What´s Next for State-Sanctioned Gambling in Florida?

FloridaWith the state-tribal compact about to come to an end, and just days left in the legislative calendar, what´s next for state-sanctioned gambling in Florida?

It would be an understatement to say the situation regarding state-sanctioned gambling in Florida is complicated. At present, the state has a compact with the Seminole Tribe that allows the Tribe to operate six casinos in return for a revenue-sharing deal worth more than $300 million per year. The compact gives the Tribe state-wide exclusivity for house-banked games such as blackjack.

The state also licenses more than 20 pari-mutuel facilities that enable gamblers to place on-site bets on horseracing. Up until 2016, the facilities also offered card games using the “designated player” system to circumnavigate the Seminole´s exclusivity agreement. This practice was found to be illegal by a US District Court, but the Court´s ruling has not been aggressively enforced by regulators.

More recently, the pari-mutuel facilities have also brought in poker-blackjack hybrid games – further infringing on the tribal compact. The Seminoles gave the state three years to sort the mess out, during which time it has continued to honor its agreement and make monthly revenue-sharing payments. The state has done little to comply with the Court´s ruling, and the three year period expires on May 31st.

Negotiations to Revise Compact get Nowhere

The Seminole Tribe not only wants the state to enforce its part of the agreement, it has also been pressing for a while to get craps and roulette games built into the compact. Since the repeal of PASPA last May, the Tribe has also been keen to offer sports betting facilities – ideally online, but it would be willing to settle for in-person betting at its brick-and-mortar establishments.

The pari-mutuel facilities – which also contribute a significant amount to the state´s coffers – aren´t happy with the Seminole Tribe getting exclusivity over sports betting, so a compromise agreement has been suggested in which the pari-mutuel facilities are sub-licensed by the Seminole Tribe to offer on-site sports betting. That might work if it were not considered by some to be an expansion of gambling.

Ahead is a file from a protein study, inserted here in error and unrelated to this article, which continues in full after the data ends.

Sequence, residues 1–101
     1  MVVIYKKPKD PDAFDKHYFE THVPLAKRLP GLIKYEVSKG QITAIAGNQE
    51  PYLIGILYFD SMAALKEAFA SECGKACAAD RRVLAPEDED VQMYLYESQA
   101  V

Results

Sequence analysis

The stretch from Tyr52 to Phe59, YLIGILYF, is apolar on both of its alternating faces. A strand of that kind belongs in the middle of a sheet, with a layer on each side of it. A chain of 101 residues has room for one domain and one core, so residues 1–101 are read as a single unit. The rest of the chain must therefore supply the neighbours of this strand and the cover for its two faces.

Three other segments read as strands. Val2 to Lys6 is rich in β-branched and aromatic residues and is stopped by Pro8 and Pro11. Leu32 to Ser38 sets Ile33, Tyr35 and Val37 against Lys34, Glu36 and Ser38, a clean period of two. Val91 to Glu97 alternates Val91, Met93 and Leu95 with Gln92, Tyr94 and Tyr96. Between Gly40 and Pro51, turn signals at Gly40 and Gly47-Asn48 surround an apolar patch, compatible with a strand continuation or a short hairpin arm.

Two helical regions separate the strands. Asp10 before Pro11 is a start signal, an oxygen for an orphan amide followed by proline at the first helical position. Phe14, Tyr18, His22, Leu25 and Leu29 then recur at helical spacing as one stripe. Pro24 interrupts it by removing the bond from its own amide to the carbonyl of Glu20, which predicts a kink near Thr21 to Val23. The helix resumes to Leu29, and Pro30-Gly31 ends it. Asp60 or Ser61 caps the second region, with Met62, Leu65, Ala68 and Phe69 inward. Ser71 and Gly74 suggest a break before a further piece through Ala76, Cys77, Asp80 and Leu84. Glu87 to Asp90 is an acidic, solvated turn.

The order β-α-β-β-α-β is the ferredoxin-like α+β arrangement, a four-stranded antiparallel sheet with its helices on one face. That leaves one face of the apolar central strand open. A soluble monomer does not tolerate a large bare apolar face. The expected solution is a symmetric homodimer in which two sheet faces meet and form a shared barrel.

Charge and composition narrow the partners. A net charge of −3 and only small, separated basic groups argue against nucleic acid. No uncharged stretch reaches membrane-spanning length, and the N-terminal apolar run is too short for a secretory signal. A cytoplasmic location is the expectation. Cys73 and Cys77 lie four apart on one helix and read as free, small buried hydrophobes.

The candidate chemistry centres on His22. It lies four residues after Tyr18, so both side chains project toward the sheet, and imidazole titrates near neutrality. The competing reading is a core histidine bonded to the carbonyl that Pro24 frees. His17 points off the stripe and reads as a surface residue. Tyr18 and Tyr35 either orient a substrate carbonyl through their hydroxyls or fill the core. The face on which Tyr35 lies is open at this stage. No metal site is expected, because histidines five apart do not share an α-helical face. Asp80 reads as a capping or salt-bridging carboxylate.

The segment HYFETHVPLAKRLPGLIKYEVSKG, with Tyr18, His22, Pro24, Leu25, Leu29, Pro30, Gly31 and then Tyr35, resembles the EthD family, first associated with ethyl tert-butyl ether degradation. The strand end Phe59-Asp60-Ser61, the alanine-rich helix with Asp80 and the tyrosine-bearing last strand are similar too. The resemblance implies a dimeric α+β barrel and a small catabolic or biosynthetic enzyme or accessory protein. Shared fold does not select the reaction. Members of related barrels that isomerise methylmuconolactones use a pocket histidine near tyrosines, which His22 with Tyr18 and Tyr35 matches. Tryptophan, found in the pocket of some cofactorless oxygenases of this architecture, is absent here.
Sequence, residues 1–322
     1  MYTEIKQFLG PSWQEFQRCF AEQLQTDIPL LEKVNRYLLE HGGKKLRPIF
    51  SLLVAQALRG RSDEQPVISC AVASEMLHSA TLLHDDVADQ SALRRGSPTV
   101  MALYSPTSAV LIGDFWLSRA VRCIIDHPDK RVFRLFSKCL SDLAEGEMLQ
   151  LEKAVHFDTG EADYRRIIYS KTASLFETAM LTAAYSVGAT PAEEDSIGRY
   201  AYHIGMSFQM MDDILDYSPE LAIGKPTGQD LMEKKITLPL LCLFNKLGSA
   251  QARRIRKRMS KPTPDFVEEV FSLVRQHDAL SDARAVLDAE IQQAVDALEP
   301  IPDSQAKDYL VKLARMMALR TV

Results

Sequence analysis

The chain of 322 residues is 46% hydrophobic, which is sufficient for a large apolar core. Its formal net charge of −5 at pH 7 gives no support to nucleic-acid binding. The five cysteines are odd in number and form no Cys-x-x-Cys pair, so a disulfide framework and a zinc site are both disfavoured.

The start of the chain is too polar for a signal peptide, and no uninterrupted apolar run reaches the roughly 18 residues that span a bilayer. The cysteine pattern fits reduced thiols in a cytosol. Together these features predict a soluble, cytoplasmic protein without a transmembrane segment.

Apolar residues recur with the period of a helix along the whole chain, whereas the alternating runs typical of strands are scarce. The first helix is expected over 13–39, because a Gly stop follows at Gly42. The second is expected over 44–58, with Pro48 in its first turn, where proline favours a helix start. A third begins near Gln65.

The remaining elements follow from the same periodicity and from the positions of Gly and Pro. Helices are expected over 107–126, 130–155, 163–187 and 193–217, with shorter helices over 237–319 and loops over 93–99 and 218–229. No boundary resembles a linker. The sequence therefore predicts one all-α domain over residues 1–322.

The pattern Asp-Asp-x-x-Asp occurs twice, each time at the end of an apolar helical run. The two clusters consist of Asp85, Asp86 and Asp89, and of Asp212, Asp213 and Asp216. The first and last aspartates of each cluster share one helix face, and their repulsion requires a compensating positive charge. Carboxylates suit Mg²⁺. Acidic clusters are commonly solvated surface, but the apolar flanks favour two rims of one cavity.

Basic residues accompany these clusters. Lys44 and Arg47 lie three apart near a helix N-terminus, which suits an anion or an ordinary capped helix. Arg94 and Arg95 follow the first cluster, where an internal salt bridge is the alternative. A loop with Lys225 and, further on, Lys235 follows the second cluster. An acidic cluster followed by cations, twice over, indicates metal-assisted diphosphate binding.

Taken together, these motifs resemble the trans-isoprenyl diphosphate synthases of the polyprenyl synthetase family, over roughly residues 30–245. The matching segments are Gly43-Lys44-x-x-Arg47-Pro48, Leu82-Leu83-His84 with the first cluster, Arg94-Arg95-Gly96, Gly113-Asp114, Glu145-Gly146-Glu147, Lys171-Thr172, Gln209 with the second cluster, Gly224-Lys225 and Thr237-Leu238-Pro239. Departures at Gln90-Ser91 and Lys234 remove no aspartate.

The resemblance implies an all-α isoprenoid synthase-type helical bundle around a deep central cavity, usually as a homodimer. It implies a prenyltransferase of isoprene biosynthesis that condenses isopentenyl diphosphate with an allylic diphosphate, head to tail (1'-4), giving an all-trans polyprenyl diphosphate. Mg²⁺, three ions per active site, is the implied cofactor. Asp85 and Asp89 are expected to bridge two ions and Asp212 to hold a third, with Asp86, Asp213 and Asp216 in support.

Last November, voters passed an amendment to the constitution that prohibited Florida´s legislature from expanding state-sanctioned gambling in Florida without a statewide referendum. The amendment effectively ties regulators hands for giving the Seminole Tribe what they want; although Senator Bill Galvano claims he has a solution that will comply with the amendment and satisfy the Seminoles.

Too Many Plates Spinning to Achieve Anything

The problem with Galvano´s proposal is that it doesn´t have the full support of the legislature – many of whom are wary about violating their constituents´ wishes to prevent any further expansion of gambling. Furthermore, if the state were to pass legislation to regulate sports betting in Florida without a statewide referendum, there would definitely be a legal challenge from anti-gambling groups.

There is also no agreement over whether any expansion of gambling – whether approved by voters or not – should be on-site only or online. In states that have regulated online sports betting, revenues are considerably higher than those that don´t, and although Florida is not desperate for tax revenues at present, both the state and the Seminole Tribe want to get a satisfactory long-term solution agreed.

So where does that leave state-sanctioned gambling in Florida? The Seminole Tribe has continued to make payments in compliance with its compact; but Florida´s regulators have failed to uphold their side of the agreement, and I can see the Tribe´s good faith wearing thin. Florida´s legislature could go to the electorate to get support for an expansion of gambling, but it seems lawmakers are trying to find ways to circumnavigate existing laws rather than trying to create new ones.

I feel the Seminole Tribe will probably agree to a short-term extension of the current arrangements, provided some enforcement action is seen to be undertaken. Then, of course, the pari-mutuel facilities will kick off and put pressure on the legislature to do something for them. When nothing happens, there will be a greater division of interests between the Seminole Tribe and other gambling stakeholders, and ultimately nothing will ever change. My guess is we´ll be discussing the same problems for years.

Jacqueline Packett
Jacqueline Packett